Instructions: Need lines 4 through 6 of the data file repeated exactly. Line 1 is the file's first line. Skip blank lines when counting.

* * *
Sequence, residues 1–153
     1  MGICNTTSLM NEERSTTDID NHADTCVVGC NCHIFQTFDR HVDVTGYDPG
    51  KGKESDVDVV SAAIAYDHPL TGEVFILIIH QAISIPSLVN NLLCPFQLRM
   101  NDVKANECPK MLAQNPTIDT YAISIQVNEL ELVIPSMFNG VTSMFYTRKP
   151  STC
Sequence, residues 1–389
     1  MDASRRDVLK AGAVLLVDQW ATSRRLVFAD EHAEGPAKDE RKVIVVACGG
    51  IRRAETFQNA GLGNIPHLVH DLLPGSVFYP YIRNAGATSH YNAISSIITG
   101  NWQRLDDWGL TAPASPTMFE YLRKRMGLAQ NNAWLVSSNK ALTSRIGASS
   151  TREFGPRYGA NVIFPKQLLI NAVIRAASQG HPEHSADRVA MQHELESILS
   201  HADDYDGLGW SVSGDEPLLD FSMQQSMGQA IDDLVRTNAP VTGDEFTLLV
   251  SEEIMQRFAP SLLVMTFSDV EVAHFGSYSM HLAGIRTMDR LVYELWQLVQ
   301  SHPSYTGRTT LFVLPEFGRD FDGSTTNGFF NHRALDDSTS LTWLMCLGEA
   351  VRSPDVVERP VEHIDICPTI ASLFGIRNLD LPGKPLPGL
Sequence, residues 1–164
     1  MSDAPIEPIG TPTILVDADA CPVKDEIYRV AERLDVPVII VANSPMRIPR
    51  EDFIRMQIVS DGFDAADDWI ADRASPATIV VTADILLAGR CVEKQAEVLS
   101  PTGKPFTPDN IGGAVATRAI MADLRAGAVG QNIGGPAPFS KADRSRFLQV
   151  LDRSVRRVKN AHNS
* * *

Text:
   101  NDVKANECPK MLAQNPTIDT YAISIQVNEL ELVIPSMFNG VTSMFYTRKP
   151  STC
Sequence, residues 1–389